You may consider talking to your boss’s boss. Research the status of their relationship. What kind of leader is this leader? Is she like your boss or is the person approachable? Bring your documentation when meeting with her and refer to it, if it seems like she is empathetic to you. Going over your manager’s head can come back to haunt you. Do this thoughtfully and carefully.

6. Contact HR

Use this approach if nothing seems to get better. You have to gauge the type of Human Resource team you have. Are they compliance driven or are they employee advocates? If they are compliance driven they will often take the boss’ side, which doesn’t help you. And, horrible bosses tend to get resentful. Most often it ends badly for employees. If they are employee advocates you may gain some helpful counsel while they investigate and keep your comments anonymous. Some organizations have employee hotlines coordinated through HR. Research it, before you use it.

7. Cut Yourself Loose

You have to determine if can you live in the situation your boss creates. If you can, use these tips to help. Yet, if you can’t keep working with your boss, you can always quit, but get another job first. Remember, no one can stop you from dreaming and going for a fresh start. It is your choice and opportunity. Of course, you could try for a job at Amazon, who has a policy to pay unhappy employees to leave.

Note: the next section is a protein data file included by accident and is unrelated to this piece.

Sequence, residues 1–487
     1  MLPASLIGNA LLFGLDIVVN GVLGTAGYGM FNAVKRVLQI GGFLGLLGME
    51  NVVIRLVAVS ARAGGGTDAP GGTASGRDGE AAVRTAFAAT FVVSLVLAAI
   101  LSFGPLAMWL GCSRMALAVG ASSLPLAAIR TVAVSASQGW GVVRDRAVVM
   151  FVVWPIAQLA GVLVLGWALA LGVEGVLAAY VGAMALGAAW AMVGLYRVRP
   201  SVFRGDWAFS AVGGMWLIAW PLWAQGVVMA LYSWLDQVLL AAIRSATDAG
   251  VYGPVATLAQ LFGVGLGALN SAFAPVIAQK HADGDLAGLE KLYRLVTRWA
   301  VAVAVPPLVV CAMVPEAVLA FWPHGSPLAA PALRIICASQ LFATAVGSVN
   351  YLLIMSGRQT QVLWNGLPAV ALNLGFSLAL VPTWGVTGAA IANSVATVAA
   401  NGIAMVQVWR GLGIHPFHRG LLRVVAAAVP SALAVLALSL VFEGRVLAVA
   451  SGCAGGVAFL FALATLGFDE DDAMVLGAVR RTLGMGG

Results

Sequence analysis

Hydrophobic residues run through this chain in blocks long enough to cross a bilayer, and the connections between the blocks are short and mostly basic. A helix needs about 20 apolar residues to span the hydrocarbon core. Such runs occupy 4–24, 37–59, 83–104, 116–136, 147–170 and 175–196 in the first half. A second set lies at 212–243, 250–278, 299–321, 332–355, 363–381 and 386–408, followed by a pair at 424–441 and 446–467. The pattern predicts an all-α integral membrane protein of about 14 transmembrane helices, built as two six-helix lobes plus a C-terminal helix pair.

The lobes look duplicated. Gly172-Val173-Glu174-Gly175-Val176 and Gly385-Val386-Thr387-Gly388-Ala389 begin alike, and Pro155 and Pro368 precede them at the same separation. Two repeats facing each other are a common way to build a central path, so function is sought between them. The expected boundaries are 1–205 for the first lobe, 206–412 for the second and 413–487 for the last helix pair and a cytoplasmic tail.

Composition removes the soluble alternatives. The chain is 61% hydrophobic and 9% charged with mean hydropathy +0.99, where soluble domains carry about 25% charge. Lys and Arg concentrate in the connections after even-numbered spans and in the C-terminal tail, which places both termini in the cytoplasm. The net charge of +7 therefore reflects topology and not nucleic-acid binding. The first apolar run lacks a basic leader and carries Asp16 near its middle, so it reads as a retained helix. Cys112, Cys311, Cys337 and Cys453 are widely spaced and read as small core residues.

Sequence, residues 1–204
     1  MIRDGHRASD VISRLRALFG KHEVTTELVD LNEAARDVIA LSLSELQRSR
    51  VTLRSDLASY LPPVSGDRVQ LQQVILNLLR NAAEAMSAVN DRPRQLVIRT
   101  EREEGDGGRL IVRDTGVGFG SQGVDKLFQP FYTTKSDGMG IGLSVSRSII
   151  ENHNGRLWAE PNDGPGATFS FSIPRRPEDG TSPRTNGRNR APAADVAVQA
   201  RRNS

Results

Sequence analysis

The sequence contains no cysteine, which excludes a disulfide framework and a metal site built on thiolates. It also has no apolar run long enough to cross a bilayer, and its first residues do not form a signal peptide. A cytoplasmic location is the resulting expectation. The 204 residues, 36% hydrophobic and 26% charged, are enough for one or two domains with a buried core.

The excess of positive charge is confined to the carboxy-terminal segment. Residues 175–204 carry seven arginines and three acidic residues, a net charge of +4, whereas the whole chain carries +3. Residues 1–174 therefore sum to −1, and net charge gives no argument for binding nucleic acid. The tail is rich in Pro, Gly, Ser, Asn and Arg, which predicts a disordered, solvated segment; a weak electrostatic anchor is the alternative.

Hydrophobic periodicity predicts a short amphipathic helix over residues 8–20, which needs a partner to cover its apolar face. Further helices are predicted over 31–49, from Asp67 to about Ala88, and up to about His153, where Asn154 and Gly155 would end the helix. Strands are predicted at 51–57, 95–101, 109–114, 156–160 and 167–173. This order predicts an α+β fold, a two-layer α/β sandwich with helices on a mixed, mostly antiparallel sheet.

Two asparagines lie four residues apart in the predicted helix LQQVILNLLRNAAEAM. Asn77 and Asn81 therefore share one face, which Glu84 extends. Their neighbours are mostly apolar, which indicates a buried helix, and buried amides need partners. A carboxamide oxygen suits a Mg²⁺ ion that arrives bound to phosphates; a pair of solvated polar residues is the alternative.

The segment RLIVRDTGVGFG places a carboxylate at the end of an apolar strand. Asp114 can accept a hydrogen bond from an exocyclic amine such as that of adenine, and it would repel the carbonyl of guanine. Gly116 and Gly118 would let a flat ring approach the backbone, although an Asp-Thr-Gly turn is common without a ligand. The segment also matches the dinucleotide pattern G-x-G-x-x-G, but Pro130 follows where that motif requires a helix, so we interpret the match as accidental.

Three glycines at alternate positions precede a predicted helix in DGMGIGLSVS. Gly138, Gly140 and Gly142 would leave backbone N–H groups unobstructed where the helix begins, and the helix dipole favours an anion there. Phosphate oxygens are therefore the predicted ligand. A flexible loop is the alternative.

By the way, do you want to learn proven approaches to becoming a “good boss” and increasing employee engagement? If so, I suggest you check out this complimentary eBook: How to Motivate-No-Inspire Employees: 10 Keys to Employee Engagement.

Or, are you going through lots of change at work and want to help yourself or others cope with it better? Then, check out this complimentary eBook: Changing Change Management.

 

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Rick Conlow
Rick Conlow is the CEO & Founder of Rick Conlow International, a consulting, training and coaching firm. He has helped over 200 companies such as Target, Costco, Andersen Windows, Spectrum, Northern Power, Meijer, Carpet King, International Truck, John Deere, Lowes Financial, and Canadian Linen improve customer loyalty, increase sales and add profits. Rick has been a general manager, vice president, training director, program director, and national sales trainer. He has authored 22 books, and regularly speaks at conferences and to audiences of all sizes.